Dawn: In the Spoonie community, painsomnia is meant to describe the dynamic where pain or treatments for pain interfere with proper sleep and rest. So it could be difficulty in finding a good position to go to sleep in, or staying asleep. It’s hard to stay asleep because pain wakes the patient up. Or it could be that the fear of pain or, um, just anxiety around sleep interferes with sleep.

Dan: What advice would you give people who are struggling with painsomnia related to AS?

Dawn: One of the most important things is to take it seriously. Keep track of what’s happening. You might want to keep a sleep journal, or use an app to keep track of how much sleep you’re getting. The other thing, though, is no matter what advice there is about sleep, what matters most is, what helps you sleep? Not what helps some other person sleep.

Dan: Right

Dawn: You know, for me, I have to be nice and warm. I always wear sleep hoodies to go to bed, even if I’m just taking a nap, because I can’t have anything cold on my neck. I prepare my bed to be successful with sleep. I make sure that I have soft blankets. I like to set like a 10 p.m. rule.

Dan: So setting a schedule, setting kind of rules for yourself. What do you do, are there anything specifically you do to relax?

Dawn: I like to watch those fireplace videos. And I listen to ocean waves. And I try and keep a book of, uh, things that make me happy. And then, I do a lot of crafts when I’m up to it. I like to crochet.

Dan: I saw you have a little bag here.

Dawn: Yes.

Dan: Maybe you can tell me a little bit about this, this crocheting thing. I’ve never tried it!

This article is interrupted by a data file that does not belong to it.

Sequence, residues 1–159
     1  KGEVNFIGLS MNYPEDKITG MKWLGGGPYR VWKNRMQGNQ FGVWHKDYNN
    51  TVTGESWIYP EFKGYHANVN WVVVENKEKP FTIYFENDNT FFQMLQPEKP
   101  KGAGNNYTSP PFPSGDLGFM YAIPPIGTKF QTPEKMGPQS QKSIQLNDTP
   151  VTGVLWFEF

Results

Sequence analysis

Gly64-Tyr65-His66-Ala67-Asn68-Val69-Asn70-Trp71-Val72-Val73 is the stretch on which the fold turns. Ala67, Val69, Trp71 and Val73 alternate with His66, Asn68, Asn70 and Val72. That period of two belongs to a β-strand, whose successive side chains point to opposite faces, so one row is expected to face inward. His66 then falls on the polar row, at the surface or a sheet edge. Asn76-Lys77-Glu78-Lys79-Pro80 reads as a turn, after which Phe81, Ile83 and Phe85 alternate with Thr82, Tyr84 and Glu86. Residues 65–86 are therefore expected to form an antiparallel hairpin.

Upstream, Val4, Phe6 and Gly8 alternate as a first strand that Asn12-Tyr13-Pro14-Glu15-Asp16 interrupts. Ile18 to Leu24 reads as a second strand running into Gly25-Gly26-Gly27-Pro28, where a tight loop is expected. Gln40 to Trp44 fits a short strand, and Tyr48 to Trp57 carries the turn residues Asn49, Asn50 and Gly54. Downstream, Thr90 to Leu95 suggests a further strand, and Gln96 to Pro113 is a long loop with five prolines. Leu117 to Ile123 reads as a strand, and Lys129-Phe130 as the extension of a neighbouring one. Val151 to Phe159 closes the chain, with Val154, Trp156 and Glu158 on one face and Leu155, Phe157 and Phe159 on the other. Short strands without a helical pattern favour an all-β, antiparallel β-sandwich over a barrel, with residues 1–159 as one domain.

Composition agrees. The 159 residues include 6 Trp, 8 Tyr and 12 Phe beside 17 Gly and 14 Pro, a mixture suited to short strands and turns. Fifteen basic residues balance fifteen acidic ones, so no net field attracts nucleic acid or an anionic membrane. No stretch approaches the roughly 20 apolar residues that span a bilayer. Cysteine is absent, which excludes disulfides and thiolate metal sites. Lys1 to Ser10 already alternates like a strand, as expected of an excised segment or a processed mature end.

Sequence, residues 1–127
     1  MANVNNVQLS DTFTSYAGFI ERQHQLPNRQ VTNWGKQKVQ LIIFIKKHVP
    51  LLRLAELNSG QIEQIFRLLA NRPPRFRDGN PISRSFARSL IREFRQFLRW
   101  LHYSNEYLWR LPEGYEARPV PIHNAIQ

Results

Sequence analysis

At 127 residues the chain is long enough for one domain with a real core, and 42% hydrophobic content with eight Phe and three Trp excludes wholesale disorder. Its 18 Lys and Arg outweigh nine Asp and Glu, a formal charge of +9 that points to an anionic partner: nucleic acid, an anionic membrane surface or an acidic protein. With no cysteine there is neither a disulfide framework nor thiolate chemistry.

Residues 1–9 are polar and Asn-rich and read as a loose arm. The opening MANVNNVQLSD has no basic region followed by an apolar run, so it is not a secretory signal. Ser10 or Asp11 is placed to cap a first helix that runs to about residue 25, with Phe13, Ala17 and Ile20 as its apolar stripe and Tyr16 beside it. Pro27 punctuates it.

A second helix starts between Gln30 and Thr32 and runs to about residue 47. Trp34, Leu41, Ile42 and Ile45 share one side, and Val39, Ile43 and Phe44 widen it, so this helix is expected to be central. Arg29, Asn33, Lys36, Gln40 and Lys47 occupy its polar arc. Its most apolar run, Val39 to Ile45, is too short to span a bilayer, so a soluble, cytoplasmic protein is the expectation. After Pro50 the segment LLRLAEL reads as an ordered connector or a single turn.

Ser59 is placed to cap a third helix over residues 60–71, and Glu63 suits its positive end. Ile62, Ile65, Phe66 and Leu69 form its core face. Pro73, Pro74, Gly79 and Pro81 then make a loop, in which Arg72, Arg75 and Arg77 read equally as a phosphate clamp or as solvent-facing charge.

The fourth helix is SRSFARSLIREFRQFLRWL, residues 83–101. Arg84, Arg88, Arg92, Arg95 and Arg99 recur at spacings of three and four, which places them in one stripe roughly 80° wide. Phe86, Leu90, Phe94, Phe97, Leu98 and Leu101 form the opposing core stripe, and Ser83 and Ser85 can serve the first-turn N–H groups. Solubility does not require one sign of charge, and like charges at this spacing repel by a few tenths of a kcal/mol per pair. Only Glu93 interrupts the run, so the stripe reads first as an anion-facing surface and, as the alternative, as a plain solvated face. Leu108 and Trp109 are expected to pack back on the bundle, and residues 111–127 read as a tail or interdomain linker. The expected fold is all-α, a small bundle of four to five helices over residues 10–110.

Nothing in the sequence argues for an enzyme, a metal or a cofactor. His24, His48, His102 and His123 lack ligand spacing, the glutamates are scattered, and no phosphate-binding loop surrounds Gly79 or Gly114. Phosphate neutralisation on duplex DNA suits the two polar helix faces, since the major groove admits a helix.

Dan: Ok, so, my yarn is over already.

Dawn: Yes

Dan: I got my one little…so then I just do one, the first time.
Wait.
I did it wrong.
I already did something wrong.

Dawn: Yarn over and pull through two.

Dan: Yarn over…
It’s like when it’s in your hand it looks different then now.
Look, ready, did I mess it up already or is everything set up for me?

Dawn: Just…Yarn over again.

Dan: That was right?

Dawn: Your getting closer.

Dan: What does that mean?

Dan: You wake up in the night, you’re hurting. What do you recommend?

Dawn: Switch positions. I try, um. If heat or cold helps you, try those things. Sometimes I’ll get up and I’ll do some stretches.

Dan: I do that sometimes too, stretches in the night.

Dawn: Yeah.

And then, I might try some calming sounds. That kind of thing.
To me the key is to keep trying different things rather than falling into a bad pattern of just, you know, watching TV…

Dan: Sure

Dawn: That kind of thing. Because once you get those bright lights going…or if its something noisy…

Dan: It wakes you up kind of…

Dawn: Too much. Yeah, too much.

Do you have a bedtime routine that helps you?

Dan: I’m on the road a lot, so I’m always in a new bed, it’s a new time that I’m going to sleep, so it’s really hard for me to regulate that. But, I’m going to try to be just a little more, like, strategic, like this is my thing. And then I’m gonna be a diva on the road now. I’ll be, like, I will not have rough sheets!

Dan: Well, Dawn, it has been a pleasure. Thank you so much for sharing your story with us.

Dawn: Thank you.

Dan: Here are some tips about AS and sleep from the Spondylitis Association of America. Try to go to bed and get up at the same time every day. This helps to synchronize your biological clock. Relax before bedtime. If you use relaxation techniques, this is the time. Just like Dawn crochets, find something that works for you. Try to sleep in a dark, cool, quiet, well-ventilated room. I hope Dawn’s story and some of these tips we’ve talked about today may help. If you need help relaxing, a new hobby might just do the trick. I’m now off to meet with someone else to learn about their AS life. And as always, I encourage you to visit ThisASLife.com for other episodes, and share them on social media. I’ll see you next time.

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Dawn Gibson